Good morning and happy Friday! Per AP Planner, today is National Sleep Day. Please observe as you will. Here is your Daily News for Friday, March 16.
1. Gun, school safety compromise
- As predicted yesterday, sponsors of the two competing gun and school safety bills under consideration in the House came together on a compromise.
- Rep. Will Ainsworth introduced an amended version of his teacher carry bill that included elements of Rep. Allen Farley’s school marshal bill, as well as changes to give school districts more discretion and flexibility over whether education employees can be armed.
- AP’s Kim Chandler (@StateHouseKim) reports from the committee meeting.
- Also, get up to speed on details of the bill and the contentious vote by reading Brian Lyman’s story in the Advertiser and Mike Cason’s story at AL.com.
- The bill was approved by committee and could be on the floor as soon as Tuesday.
- If and when the bill hits the House floor, there is sure to be lots of debate. It could even take up a whole legislative day, meaning few, if any, other bills would be considered.
- There’s no telling whether it could survive the Senate.
2. What else happened in the State House?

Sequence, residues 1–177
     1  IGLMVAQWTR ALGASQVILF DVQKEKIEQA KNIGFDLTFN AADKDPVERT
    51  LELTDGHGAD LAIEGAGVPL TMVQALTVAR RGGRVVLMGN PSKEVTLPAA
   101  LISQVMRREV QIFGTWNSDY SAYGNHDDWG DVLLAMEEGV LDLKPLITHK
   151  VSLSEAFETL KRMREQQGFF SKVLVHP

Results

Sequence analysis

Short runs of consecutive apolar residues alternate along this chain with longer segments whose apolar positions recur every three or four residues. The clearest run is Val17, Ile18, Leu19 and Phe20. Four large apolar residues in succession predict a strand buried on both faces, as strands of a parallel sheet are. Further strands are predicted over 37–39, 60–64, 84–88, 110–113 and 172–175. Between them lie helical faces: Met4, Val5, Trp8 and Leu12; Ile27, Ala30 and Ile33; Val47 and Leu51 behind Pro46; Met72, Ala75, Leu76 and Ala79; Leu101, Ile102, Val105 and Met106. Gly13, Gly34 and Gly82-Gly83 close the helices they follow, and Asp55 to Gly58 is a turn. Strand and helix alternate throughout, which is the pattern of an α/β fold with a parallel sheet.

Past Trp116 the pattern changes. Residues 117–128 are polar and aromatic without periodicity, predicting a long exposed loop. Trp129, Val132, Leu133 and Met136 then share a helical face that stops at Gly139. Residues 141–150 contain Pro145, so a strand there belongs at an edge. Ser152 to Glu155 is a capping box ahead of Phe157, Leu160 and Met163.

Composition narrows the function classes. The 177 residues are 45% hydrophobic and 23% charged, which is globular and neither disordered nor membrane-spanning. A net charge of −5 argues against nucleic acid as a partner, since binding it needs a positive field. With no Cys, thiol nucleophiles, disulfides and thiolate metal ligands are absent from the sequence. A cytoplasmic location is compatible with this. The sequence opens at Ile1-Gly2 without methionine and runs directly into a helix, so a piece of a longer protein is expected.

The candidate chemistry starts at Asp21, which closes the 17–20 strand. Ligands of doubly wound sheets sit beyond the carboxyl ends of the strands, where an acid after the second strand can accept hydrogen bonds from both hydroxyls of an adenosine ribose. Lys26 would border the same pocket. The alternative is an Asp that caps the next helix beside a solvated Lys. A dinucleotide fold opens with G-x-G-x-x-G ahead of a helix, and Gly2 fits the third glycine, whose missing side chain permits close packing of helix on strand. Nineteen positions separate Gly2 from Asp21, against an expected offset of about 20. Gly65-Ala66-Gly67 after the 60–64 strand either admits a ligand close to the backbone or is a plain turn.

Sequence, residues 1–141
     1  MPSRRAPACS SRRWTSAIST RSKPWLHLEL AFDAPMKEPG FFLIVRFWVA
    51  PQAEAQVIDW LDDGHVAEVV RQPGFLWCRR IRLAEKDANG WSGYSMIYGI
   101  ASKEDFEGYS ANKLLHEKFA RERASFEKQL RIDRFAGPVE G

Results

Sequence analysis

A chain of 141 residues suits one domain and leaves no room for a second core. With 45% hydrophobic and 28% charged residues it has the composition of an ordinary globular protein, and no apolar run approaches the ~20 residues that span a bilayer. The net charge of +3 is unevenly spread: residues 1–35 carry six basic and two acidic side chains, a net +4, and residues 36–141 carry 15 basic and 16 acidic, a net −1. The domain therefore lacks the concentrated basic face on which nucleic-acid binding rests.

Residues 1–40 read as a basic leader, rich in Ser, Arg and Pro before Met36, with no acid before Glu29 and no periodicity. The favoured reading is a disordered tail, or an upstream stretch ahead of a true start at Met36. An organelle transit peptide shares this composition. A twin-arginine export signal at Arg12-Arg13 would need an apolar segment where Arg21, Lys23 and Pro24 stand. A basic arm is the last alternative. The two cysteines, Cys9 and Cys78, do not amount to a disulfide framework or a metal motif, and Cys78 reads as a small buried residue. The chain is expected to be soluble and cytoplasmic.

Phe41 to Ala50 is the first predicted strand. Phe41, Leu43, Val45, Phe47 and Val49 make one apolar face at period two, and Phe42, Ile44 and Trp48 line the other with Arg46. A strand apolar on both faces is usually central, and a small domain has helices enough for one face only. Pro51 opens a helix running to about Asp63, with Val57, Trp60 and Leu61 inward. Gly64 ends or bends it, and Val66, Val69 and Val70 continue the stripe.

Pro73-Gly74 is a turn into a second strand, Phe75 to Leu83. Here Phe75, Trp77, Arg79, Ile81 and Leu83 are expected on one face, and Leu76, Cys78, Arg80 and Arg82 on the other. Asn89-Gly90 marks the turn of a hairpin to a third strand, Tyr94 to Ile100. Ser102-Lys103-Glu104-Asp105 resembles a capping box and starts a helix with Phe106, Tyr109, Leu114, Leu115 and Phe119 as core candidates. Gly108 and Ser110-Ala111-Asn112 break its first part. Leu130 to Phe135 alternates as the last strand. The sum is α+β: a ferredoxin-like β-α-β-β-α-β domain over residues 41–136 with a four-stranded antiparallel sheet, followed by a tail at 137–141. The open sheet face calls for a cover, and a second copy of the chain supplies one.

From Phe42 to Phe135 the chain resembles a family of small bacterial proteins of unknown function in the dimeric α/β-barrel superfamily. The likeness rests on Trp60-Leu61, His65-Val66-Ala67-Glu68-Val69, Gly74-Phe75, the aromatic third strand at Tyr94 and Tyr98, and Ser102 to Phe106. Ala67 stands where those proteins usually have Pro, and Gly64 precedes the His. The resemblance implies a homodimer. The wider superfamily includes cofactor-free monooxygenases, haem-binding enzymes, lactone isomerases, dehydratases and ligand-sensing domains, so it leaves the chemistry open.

With days winding down in the legislative session, bills are starting to move pretty quickly.
Like Lucy and Ethel in the chocolate factory, it can be hard to keep up! Here’s a quick rundown of major legislation on the move this week:
- The Education Trust Fund budget passed the Senate with the teacher pay raise and a big plus-up for Alabama State University. Because it is different from the House-passed version, the bill goes back to the House, which can either concur and send it to the governor or vote to go to a House-Senate conference committee to work out the differences. Read Mike Cason’s story for AL.com here and Brian Lyman’s story in today’s Advertiser here.
- At long last, Rep. Pebblin Warren’s day care safety bill received final passage in the Senate and will become law as soon as next week. It has been a long legislative journey for this bill and Mrs. Warren. Senate sponsor Sen. Gerald Dial said this is likely his last major legislative initiative.
- Sen. Dick Brewbaker’s bill to make all local school superintendents appointed rather than elected passed the Senate. Read Mary Sell’s report in the in the Decatur Daily.
- Rep. Jim Hill’s juvenile justice reform bill passed the House yesterday, but not before hours of debate and multiple amendments slowed things down. Sen Cam Ward is the sponsor in the Senate and he told AP he’d like to get the bill moving there in time to have a chance to pass.
3. Scoop: New civil asset forfeiture bill